If President Trump directs military and intelligence officials to begin torturing terrorism suspects and to renew the use of secret overseas sites to hold them, as he is said to be considering, he is all but certain to reignite a drawn-out debate that lawmakers, foreign leaders and human rights advocates had considered put to rest.
Born out of the Bush administration’s frenzied search in the months after 9/11 to hunt down its perpetrators, the tactics — which included repeated use of waterboarding and a painful technique called rectal feeding that served no medical purpose — eventually fell out of favor and were ultimately condemned in an exhaustive Senate report as inhumane and ineffective.
Trump campaigned on bringing back waterboarding and other harsh interrogation methods, conducted by the CIA, saying that concern about being “politically correct” was harming the country’s ability to defend itself. The line drew cheers from his supporters but, less noticeably, condemnation from most who were involved with or had closely studied the program.
Trump has wavered on his support for harsh interrogations, most notably when James N. Mattis, sworn in last week as his secretary of Defense, told him that “beer and cigarettes” during interrogations produce more useful information.
But draft memos being circulated by Trump’s newly formed National Security Council call for national security officials to review what interrogation methods are allowed under the Army Field Manual, the standard that Congress used to outlaw torture in 2015.
“We’re not playing on an even field,” Trump said in an interview this week with ABC News, citing Islamic State’s beheading of captives on video and its use of other medieval tactics. He said unnamed high-ranking intelligence officials had told him torture works, contradicting the Senate report’s conclusions.
The order also calls for revamping military commissions for trying terrorism suspects to deliver verdicts more quickly. Some of the suspects in the 9/11 attacks, including self-proclaimed mastermind Khalid Shaikh Mohammed, have been held for more than a decade as military court proceedings drag on.
The draft order instructs the attorney general to review a 2012 policy that restricts the military from holding Americans in custody unless they are closely linked to Al Qaeda and have planned or carried out attacks, which could open the door to an expanded role for military detention of terrorism suspects arrested in the U.S. or Americans arrested abroad.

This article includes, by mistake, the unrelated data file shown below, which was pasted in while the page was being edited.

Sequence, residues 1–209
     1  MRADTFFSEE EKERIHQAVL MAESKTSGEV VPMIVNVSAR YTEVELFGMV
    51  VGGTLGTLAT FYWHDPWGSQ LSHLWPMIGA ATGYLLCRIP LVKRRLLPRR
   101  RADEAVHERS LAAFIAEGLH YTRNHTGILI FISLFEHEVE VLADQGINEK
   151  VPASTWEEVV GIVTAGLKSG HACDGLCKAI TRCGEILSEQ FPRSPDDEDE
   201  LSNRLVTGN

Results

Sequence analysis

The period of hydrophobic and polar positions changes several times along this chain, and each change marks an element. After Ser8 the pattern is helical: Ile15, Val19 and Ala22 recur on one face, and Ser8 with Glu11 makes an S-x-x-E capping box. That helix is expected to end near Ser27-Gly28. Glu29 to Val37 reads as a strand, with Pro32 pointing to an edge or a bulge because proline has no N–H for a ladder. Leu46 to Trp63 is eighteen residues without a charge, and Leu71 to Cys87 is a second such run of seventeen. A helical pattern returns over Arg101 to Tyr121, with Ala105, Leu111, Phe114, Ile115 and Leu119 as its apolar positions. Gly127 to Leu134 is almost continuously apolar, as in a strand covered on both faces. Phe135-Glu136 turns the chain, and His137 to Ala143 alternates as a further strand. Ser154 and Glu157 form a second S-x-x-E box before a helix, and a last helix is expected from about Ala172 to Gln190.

The CIA and the military’s Joint Special Operations Command are expected to play a major role in increasing attacks on Islamic State in Syria and Iraq, a priority for Trump. During his inaugural address, Trump promised to “eradicate from the face of the Earth” Islamic terrorist groups.
Career intelligence agents, scarred by what many consider a dark stain on the CIA’s history, are reluctant to return to overseeing harsh interrogations, said one intelligence official who spoke on the condition of anonymity. Now the CIA relies on other governments and foreign intelligence services to hold terrorism suspects and U.S. officials relay questions they want answered, the official said.
And both Republican and Democratic lawmakers believe torture goes against long-standing American values of treating people humanely and standing as an example to other nations.
“Torture’s not legal and we agree with it not being legal,” House Speaker Paul D. Ryan (R-Wis.) said Thursday at a retreat for congressional Republicans in Philadelphia.
“The policy, the deep-seated policy in American culture, is not to torture — that is not going to happen,” said Sen. Jim Risch (R-Idaho), a senior member of the Senate Intelligence Committee. “We passed a law that prohibited torture.”
Sen. Dianne Feinstein (D-Calif.), who led the Senate panel’s review, said Trump should read the full classified report before deciding to green-light similar methods.
“Capturing terrorist suspects and torturing them in secret facilities failed. Period,” she said in a statement.
Trump also risks straining relations with some of the nation’s closest allies, such as Britain and France, with which the U.S. has intelligence-sharing agreements but which have vowed not to act on intelligence netted from suspects under duress.
Trump may meet resistance closer to home: Two senior officials in his Cabinet who would be giving orders for handling terrorism suspects, Mattis and CIA Director Mike Pompeo, don’t support returning to torture or waterboarding.
Pompeo repeatedly told senators at his confirmation hearing that he would not restart the CIA’s use of secret prisons and would refuse any orders from the White House to torture suspects.
Trump said he would defer to Pompeo and Mattis.
If they don’t wanna do [it], that’s fine,” he said. “If they do wanna do [it], then I will work for that end.”
Times staff writers Michael A. Memoli in Washington and Lisa Mascaro in Philadelphia contributed to this report.